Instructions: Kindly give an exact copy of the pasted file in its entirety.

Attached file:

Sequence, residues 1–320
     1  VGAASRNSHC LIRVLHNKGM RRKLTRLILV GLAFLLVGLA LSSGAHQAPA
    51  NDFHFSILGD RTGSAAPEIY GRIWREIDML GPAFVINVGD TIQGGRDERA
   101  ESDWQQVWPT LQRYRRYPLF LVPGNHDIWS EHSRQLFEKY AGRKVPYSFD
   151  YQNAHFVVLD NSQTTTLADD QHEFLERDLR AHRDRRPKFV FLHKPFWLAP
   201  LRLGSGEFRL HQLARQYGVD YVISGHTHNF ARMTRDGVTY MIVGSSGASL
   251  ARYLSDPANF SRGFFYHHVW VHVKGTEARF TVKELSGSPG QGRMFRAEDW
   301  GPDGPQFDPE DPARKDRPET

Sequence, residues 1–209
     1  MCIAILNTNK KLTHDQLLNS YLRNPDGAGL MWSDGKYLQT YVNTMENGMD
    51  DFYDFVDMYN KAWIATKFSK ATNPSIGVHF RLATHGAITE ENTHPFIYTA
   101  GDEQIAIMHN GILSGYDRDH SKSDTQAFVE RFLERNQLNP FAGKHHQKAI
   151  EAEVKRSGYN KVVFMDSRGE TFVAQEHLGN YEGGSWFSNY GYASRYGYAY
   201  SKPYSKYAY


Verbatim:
Sequence, residues 1–320
     1  VGAASRNSHC LIRVLHNKGM RRKLTRLILV GLAFLLVGLA LSSGAHQAPA
    51  NDFHFSILGD RTGSAAPEIY GRIWREIDML GPAFVINVGD TIQGGRDERA
   101  ESDWQQVWPT LQRYRRYPLF LVPGNHDIWS EHSRQLFEKY AGRKVPYSFD
   151  YQNAHFVVLD NSQTTTLADD QHEFLERDLR AHRDRRPKFV FLHKPFWLAP
   201  LRLGSGEFRL HQLARQYGVD YVISGHTHNF ARMTRDGVTY MIVGSSGASL
   251  ARYLSDPANF SRGFFYHHVW VHVKGTEARF TVKELSGSPG QGRMFRAEDW
   301  GPDGPQFDPE DPARKDRPET

Sequence, residues 1–209
     1  MCIAILNTNK KLTHDQLLNS YLRNPDGAGL MWSDGKYLQT YVNTMENGMD
    51  DFYDFVDMYN KAWIATKFSK ATNPSIGVHF RLATHGAITE ENTHPFIYTA
   101  GDEQIAIMHN GILSGYDRDH SKSDTQAFVE RFLERNQLNP FAGKHHQKAI
   151  EAEVKRSGYN KVVFMDSRGE TFVAQEHLGN YEGGSWFSNY GYASRYGYAY
   201  SKPYSKYAY